'Food for thought: the relationship between diet and outcomes for depression and anxiety'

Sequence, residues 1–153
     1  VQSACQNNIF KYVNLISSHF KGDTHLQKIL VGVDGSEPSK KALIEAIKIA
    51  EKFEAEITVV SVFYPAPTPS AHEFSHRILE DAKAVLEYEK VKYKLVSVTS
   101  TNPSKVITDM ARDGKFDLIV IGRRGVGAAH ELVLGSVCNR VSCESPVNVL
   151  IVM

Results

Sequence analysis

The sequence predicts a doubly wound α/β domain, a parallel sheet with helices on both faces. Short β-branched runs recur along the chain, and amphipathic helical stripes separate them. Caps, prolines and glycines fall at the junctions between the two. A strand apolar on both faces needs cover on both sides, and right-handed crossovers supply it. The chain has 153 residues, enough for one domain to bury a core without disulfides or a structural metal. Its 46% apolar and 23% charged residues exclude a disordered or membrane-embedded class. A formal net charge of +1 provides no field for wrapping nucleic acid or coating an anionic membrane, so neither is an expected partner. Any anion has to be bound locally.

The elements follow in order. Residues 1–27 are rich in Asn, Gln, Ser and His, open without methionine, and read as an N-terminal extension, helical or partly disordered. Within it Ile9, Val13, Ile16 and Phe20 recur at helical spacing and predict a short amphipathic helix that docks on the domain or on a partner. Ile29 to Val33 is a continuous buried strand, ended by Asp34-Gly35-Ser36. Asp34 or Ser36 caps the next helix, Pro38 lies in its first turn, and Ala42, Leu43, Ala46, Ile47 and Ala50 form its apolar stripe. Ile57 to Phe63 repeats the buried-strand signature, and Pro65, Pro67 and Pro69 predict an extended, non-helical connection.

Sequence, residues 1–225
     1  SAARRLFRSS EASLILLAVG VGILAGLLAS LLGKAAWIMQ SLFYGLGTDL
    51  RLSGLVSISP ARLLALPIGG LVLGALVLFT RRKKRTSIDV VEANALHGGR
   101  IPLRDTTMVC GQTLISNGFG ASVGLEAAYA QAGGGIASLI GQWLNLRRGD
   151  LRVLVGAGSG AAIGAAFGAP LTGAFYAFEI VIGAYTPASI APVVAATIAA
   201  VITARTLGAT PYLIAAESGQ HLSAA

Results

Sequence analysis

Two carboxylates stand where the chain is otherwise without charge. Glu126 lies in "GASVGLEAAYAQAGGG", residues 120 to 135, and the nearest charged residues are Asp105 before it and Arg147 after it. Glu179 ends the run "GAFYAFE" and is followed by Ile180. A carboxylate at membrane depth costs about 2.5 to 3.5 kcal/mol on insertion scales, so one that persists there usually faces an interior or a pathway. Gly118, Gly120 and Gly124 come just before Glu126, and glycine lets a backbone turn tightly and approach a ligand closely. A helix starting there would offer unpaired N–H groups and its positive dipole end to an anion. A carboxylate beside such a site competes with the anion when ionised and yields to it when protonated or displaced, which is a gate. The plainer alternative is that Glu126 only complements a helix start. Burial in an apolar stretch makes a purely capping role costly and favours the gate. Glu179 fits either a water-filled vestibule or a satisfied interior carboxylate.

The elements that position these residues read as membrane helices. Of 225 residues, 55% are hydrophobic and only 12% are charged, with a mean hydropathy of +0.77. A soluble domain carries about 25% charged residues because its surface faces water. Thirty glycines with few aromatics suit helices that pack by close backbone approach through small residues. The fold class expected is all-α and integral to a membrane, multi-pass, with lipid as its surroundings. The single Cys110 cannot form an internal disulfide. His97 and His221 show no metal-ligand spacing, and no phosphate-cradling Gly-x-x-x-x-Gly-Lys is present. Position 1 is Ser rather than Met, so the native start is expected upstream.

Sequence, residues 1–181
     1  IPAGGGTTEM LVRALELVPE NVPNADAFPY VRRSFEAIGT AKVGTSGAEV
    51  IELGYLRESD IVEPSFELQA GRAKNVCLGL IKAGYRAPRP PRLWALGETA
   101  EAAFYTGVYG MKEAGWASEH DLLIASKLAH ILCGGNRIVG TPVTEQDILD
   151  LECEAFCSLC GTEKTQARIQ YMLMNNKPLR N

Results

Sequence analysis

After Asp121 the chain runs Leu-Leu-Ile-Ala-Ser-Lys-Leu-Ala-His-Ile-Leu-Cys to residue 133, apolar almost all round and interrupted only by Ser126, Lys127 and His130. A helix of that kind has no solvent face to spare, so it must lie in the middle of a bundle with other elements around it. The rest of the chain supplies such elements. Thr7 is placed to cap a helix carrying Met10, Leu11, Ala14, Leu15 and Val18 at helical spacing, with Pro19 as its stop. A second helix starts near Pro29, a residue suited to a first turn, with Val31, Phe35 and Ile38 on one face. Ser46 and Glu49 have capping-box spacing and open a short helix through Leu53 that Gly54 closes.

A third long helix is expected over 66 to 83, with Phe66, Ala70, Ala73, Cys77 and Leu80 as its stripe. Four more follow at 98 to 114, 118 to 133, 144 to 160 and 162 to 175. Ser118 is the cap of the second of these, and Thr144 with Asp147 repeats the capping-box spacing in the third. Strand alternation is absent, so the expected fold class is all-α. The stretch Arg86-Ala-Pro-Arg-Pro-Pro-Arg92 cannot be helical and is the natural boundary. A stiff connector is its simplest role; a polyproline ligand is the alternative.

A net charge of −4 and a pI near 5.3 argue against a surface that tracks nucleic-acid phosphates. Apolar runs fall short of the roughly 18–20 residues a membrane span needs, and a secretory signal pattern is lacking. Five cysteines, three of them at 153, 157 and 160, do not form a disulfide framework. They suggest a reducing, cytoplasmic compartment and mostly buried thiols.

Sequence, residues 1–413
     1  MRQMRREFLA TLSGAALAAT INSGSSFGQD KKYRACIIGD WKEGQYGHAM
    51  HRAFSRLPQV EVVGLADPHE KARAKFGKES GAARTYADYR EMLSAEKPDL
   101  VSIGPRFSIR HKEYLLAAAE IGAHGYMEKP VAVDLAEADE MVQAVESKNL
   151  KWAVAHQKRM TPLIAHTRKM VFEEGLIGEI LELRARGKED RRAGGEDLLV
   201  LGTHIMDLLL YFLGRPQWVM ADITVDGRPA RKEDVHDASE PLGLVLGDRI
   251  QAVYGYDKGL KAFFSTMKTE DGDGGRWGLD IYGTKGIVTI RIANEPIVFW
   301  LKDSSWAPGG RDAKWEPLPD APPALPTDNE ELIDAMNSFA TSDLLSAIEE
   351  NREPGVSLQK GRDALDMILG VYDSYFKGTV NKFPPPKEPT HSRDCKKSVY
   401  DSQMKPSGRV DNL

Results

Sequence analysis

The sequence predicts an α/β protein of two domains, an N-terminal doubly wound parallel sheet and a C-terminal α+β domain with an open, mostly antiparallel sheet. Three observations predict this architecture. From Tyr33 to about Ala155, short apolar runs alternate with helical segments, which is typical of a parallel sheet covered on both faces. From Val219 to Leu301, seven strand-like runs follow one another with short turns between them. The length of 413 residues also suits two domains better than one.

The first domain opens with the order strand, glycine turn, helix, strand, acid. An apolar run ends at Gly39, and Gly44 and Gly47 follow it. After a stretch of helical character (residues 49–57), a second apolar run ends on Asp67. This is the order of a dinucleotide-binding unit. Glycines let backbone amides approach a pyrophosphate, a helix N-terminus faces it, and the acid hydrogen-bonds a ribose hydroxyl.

The question of whether what someone eats can affect their mental health has increasingly become a focus of research over the last decade. It has attracted such interest because of changes to the western diet (and lifestyle) that have seen a move away from traditional food intake to a diet high in sugar, fat and nutrient-poor and processed foods. The focus on whether an improved diet can improve mental health is also part of a wider effort to increase the availability of low-cost, low-risk interventions that can target modifiable risk factors for mental illnesses (e.g. exercise interventions). This research bulletin explores the latest evidence on the relationship between diet and outcomes for depression and anxiety.